#Lookback: Bullwackers and Mule Skinners

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    A series where we take a #lookback at the stories and history of our community,

    brought to you by Mick Pryor, Financial Advisor with Edward Jones.

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    What do we do on a cold snowy January day when the pantry is low on flour and sugar or you have discovered your boots will not last another season? We go to the well- stocked stores that are not far from home. The problem can be solved within an hour.

    In the 1800’s these items were not always readily available. Items needed for daily life had to be brought in by freight wagons. It took the wagons, pulled by a string of horses, mules or oxen three to four weeks to make a trip from Rawlins or Casper to Lander. Almost everything you needed in the way of food, clothing and shelter depended on the freight teams to make that difficult journey and at times impossible in the winter.

    You hear about the people who set up the cattle ranches, saloons, barber shops, livery stables, hotels, and mines. You read stories about the lawmen, outlaws, doctors, school teachers, preachers and cowhands. You don’t hear as much about the mercantile contingent – the freighters. These are the firms and colorful individuals that supplied the American frontier the necessities, and an occasional luxury or two, that they needed to survive in isolated frontier towns like Lander. They delivered the clothing, building materials, utensils, dishes, tools, tack, canned goods, flour, sugar, coffee and thousands of other goods to the Baldwin Store, Noble and Lane, Bossert’s, and Woodruff’s Mercantile store.

    Before railroads were built freight wagons, pulled by horses, mules or oxen, were the best means of hauling freight. The animals pulling the wagons were known as string teams. The drivers were called “bullwhackers” for teams of oxen, or “mule skinners” for mule trains, they drove the wagons and guarded the freight. These were the original “teamsters”.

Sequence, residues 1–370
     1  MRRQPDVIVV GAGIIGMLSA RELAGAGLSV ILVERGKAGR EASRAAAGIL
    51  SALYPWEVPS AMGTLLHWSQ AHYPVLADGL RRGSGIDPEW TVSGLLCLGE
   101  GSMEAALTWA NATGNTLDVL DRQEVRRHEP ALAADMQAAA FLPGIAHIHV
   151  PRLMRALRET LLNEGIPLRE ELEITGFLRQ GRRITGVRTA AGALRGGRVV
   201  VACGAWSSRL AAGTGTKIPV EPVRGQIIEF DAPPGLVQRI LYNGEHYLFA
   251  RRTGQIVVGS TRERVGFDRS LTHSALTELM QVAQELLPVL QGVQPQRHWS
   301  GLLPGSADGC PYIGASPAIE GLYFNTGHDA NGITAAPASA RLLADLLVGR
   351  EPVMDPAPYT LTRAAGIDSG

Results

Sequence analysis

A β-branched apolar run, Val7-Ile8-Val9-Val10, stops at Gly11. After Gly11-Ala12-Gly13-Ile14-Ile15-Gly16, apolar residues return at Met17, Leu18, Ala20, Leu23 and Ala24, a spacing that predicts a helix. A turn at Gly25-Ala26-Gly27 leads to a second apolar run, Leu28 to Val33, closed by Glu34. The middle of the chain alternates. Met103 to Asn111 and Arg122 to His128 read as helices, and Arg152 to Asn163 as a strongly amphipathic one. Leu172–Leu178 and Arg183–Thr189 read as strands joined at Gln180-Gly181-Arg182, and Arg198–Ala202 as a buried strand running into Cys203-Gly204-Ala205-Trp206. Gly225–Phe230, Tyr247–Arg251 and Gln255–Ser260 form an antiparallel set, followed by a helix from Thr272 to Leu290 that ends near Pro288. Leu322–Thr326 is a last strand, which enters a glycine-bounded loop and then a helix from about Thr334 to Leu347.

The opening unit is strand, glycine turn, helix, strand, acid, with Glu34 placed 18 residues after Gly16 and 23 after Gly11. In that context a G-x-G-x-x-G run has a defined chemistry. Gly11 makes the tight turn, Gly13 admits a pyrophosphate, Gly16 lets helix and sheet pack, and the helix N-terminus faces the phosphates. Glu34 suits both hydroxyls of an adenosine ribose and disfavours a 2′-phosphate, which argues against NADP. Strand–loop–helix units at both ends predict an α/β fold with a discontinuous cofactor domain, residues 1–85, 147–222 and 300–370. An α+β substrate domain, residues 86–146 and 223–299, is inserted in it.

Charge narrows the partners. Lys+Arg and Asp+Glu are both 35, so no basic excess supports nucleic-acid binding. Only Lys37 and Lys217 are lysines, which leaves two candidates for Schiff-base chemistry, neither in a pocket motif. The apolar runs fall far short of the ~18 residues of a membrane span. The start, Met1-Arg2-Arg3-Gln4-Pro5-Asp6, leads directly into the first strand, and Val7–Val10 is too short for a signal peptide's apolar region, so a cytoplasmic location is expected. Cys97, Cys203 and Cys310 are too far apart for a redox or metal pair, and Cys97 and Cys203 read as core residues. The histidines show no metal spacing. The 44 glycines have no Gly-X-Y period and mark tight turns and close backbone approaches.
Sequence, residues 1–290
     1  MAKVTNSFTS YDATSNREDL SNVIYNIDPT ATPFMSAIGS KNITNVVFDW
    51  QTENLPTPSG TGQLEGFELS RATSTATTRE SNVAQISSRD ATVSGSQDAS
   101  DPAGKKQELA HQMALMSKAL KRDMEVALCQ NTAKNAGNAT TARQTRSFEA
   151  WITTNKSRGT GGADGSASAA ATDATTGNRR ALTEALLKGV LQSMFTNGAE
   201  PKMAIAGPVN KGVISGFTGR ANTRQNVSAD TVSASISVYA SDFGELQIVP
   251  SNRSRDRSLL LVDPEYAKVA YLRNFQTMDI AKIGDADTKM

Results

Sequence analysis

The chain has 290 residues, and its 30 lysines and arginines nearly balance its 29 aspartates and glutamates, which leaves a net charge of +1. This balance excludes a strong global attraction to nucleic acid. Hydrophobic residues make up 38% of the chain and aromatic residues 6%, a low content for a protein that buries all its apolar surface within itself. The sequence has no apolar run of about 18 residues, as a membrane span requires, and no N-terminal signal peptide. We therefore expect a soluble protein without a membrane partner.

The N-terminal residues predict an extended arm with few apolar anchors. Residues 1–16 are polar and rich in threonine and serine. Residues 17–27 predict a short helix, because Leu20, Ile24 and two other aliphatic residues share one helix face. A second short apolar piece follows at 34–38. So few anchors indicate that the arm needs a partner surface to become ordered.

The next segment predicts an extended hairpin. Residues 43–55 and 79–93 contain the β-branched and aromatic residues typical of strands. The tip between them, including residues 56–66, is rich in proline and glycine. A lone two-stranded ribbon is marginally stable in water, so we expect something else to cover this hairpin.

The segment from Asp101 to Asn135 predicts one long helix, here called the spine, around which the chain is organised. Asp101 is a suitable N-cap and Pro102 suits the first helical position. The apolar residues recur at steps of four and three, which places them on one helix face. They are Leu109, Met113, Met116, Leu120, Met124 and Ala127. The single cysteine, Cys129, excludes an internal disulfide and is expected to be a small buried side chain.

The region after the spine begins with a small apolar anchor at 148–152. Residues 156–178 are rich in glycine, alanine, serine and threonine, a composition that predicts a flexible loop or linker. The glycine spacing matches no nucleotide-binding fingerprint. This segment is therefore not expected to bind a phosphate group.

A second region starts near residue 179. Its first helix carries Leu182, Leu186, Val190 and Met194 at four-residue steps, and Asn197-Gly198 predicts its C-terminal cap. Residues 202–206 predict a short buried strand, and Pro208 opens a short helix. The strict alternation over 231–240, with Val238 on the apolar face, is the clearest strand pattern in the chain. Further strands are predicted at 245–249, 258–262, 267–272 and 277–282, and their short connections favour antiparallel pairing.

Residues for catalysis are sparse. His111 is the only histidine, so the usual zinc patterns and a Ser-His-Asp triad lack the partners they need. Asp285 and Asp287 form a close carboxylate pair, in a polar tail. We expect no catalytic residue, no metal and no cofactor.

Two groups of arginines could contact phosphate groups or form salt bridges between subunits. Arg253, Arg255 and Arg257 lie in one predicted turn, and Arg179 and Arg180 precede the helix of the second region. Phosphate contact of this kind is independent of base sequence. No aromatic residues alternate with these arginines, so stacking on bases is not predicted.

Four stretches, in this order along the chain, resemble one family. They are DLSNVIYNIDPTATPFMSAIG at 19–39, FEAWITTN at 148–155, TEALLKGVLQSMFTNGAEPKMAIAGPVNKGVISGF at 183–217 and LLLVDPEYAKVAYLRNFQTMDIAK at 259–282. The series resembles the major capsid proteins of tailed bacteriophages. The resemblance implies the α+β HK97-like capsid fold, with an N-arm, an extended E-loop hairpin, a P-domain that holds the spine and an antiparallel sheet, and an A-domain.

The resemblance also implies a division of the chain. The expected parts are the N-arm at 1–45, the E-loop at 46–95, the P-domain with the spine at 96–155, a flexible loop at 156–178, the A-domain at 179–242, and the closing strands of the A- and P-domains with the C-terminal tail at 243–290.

The freight industry also provided a means for a person to make a living. According to article written by historian, Bill Marion, Lander had several local teamsters. The life of a freighter was not easy, he had to be skilled in handling his animals. The large wagons were filled to the brim. Each animal could handle pulling about a 1,000 pounds. A good 18 string team could haul from 18 to 20 thousand pounds of goods. The driver and animals had to endure the heat, cold, snow, and mud. The wagon trails were rough dusty and dangerous. The freight line owners had a tremendous investment in wagons and animals.

    Today we see the large 18-wheel trucks parked at the local stores. In the 1880’s when the people in Lander heard the hoofs and wheels coming down Lander’s wide dusty Main Street, they would know they could then purchase much needed supplies from the local merchants.

    No doubt many a wager was made at the end of a run debating whether oxen, mule, or horse teams were best. Like buying a motorized vehicle today, it depends on the terrain, how much cash or credit you have, and how fast you want to get where you are going.

    The one commonality between “bull whackers” and “mule skinners” is the bullwhip. It was his badge of recognition. The lash might be as short as ten, or as long as twenty, feet of heavy braided rawhide with a “popper” on the end to make it crack. Merely cracked overhead, a bullwhip could inspire the dumbest ox or most obstinate mule to greater effort.

    After decades of hardships, the delivery of goods became easier. The train arrived in Lander the fall of 1906 pulled by a large smoking steam engine. The freight wagons became obsolete and were replaced by the train. This was the beginning of many changes for Lander from the economics to the population growth of the town.

    Next up for the Fremont County Museums

    January 16th at the Riverton Museum 6:30pm, “Routine Patrol: Memoirs of a Small Town Cop” By Bart Ringer

    Wyoming Community Bank Discovery Speakers Series

    January 23rd at the Dubois Museum 7pm, “From Clovis to Cowboy: Five Years of Archaeological Reconnaissance … in the Wind River Mountains, Wyoming” By Todd Guenther

     Wyoming Community Bank Discovery Speakers Series

    February 8th at the Riverton Museum 2pm, “Exploring Historic Computers”

                  Bailey Tire/Pit Stop Children’s Exploration Series

    February 14th at the Riverton Museum 5:30-9:30, “Murder Mystery Night at the Museum: Roaring 20’s”

    Consider supporting The Dubois Museum, the Pioneer Museum in Lander or the Riverton Museum with a monetary donation. The museums are more reliant than ever on donations from the private sector to continue to provide the quality programs, collections management, exhibits and services that have become their hallmark. Please make your tax deductible contribution to be used specifically for the benefit of the museum of your choosing by sending a check to Fremont County Museums 450 N 2nd Rm 320 or taking it directly to the museum you choose to support.

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